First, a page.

Yesterday Google announced its purchase of Motorola Mobility, the device manufacturing half of the former Motorola. Today’s Wall Street Journal has a front page full of stories about this move, including “Bid Comes Amid Tougher Scrutiny” (You know how to read this even though it’s subscriber-only, right? Do a search at a news aggregator for the article title.) Despite being a “new industry” technology merger, this transaction actually is grounded in a long history of the economics of vertical integration, and it may provide another issue for FTC and EU regulators to analyze as they pursue their respective antitrust investigations of Google.
According to the Wall Street Journal article,
Motorola doesn’t have a dominant position in handsets. Five years ago, it sold nearly one in five cell phones worldwide; today it has just a 2.4% market share, says researcher Gartner.
Google doesn’t directly compete with Motorola. Legally, it’s more difficult for the government to successfully challenge such a “vertical” deal between two companies that aren’t direct rivals.
In vertical mergers the dominant competition issue is called vertical foreclosure — when an upstream firm (Google in this case) merges with a downstream firm (Motorola Mobility in this case), does that merger enable the upstream firm to reinforce or extend its market power and market share? And if so, does that increased market power and market share benefit consumers or not? If there are significant economies of scope, then a vertically-integrated firm may enjoy substantially lower production costs than separate upstream and downstream firms (a related issue here is reducing “double marginalization” when the demand curve is downward-sloping in both upstream and downstream markets). Also, does the vertical integration economize on transaction costs — is there a Coase “Nature of the Firm” impetus for vertical integration to lower costs? If those are the merger drivers, then the merger can improve product quality and diversity and reduce prices in ways to benefit consumers, particularly if the downstream market is a rivalrous one. I would certainly describe the mobile device market as rivalrous!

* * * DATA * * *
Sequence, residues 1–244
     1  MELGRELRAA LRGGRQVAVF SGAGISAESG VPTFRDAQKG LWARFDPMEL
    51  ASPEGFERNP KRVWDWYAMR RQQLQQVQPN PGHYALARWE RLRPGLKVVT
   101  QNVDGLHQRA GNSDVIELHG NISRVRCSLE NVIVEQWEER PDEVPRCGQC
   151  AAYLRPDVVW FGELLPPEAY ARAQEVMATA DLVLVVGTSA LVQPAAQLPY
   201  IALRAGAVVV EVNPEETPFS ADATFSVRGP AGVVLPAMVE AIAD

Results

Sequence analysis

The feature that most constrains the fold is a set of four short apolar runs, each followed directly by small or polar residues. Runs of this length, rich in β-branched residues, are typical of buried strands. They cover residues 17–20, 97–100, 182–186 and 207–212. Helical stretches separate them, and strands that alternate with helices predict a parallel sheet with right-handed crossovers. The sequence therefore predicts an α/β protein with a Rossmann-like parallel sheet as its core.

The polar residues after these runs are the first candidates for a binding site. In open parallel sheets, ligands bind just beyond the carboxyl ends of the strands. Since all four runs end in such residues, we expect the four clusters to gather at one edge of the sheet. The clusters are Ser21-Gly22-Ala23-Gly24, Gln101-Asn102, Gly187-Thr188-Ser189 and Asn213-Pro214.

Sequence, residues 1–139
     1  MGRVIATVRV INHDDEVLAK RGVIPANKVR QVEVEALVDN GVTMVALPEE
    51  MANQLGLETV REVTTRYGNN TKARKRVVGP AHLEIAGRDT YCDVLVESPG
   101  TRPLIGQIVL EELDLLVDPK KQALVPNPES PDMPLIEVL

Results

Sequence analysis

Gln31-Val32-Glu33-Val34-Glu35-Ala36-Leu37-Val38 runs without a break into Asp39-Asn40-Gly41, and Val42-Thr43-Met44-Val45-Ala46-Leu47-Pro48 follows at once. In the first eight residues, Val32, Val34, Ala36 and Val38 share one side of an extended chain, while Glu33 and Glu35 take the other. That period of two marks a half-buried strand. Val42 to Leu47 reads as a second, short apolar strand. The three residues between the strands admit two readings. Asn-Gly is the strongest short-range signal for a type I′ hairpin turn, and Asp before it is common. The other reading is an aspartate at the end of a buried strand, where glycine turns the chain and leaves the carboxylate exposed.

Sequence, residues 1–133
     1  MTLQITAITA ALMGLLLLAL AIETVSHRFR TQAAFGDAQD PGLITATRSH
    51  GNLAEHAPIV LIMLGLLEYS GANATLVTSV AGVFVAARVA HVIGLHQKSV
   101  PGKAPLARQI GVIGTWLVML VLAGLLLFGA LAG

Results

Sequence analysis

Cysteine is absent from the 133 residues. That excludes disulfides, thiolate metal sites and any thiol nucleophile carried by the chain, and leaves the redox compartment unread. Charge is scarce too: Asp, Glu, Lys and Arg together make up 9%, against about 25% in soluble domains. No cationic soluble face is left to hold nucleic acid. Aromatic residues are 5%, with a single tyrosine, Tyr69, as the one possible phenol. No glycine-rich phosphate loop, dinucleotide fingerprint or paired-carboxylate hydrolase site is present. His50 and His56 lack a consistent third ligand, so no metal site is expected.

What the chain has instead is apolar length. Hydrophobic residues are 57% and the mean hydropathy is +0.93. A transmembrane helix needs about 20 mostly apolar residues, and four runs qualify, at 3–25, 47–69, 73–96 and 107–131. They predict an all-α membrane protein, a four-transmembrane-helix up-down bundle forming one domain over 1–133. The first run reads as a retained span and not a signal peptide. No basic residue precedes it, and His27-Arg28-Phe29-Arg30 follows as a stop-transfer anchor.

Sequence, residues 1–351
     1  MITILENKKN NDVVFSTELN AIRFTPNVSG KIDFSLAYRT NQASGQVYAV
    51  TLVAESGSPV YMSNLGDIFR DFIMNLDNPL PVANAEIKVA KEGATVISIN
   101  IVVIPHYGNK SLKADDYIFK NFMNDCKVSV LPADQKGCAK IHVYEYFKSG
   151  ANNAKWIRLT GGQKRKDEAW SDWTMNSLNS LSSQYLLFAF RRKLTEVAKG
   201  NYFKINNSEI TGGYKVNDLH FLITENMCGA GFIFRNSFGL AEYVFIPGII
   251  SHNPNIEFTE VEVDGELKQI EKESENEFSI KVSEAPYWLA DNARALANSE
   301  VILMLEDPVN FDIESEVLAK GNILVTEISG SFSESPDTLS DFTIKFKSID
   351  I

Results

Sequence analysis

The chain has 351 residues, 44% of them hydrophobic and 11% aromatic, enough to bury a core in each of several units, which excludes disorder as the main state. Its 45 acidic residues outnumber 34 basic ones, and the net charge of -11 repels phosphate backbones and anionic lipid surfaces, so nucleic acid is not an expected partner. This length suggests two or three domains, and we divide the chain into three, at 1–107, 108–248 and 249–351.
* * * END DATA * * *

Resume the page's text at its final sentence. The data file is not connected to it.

But the vertical merger story is not all rosy and welfare-enhancing. What if the merger enables the upstream firm to leverage its upstream market power into higher downstream market power by reducing availability of its product to its downstream rivals? A more concrete example may be iron ore and steel; what if a dominant iron ore producer merges with a downstream steel firm, and reduces its sales of iron ore/raises prices to the other non-related steel mills? The vertically integrated iron ore-steel firm could increase its steel production by restricting its sales of iron ore to others, and the price of iron ore to independents may increase, which would increase the vertically-integrated firm’s market share in the downstream steel market, and may lead to higher steel prices to consumers. This is called vertical foreclosure.
The concern about vertical foreclosure with Google-Motorola Mobility is access to the Android operating system and updates to it. From the Wall Street Journal article:
On Monday, several handset makers that use Android publicly welcomed the deal. But privately, some may end up questioning whether Google will grant Motorola preferential treatment. For example, Google could theoretically give Motorola its latest versions of Android exclusively, placing them at a competitive disadvantage.